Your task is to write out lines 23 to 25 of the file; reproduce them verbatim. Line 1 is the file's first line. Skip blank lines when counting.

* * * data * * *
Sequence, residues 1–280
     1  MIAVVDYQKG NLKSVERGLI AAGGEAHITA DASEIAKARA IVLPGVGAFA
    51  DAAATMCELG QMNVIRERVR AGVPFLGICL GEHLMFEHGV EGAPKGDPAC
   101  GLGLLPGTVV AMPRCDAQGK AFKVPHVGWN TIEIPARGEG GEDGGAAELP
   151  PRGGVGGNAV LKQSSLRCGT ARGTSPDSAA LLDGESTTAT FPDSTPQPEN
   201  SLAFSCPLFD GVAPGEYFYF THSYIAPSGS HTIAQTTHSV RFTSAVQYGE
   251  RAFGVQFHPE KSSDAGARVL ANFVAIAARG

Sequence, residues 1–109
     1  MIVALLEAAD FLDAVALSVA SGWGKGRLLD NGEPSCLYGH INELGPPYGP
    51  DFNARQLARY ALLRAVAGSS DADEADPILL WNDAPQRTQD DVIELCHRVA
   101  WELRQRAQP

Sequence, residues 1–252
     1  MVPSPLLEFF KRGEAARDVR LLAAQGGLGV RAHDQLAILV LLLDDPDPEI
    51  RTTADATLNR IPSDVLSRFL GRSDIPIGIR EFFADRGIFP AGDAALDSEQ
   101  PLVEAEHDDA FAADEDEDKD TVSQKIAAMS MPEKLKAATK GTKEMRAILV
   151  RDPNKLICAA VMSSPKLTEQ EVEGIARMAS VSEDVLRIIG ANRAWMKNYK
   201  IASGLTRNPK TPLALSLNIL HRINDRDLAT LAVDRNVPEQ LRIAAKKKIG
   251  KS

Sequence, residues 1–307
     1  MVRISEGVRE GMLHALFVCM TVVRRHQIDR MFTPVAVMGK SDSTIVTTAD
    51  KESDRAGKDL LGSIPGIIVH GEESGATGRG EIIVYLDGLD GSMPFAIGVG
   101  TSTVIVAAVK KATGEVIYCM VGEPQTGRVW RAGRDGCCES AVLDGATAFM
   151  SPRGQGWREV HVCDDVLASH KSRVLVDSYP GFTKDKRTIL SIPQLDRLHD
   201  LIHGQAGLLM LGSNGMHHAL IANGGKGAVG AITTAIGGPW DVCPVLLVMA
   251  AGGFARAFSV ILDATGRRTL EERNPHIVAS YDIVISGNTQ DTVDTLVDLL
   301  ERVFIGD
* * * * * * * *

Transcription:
   151  SPRGQGWREV HVCDDVLASH KSRVLVDSYP GFTKDKRTIL SIPQLDRLHD
   201  LIHGQAGLLM LGSNGMHHAL IANGGKGAVG AITTAIGGPW DVCPVLLVMA
   251  AGGFARAFSV ILDATGRRTL EERNPHIVAS YDIVISGNTQ DTVDTLVDLL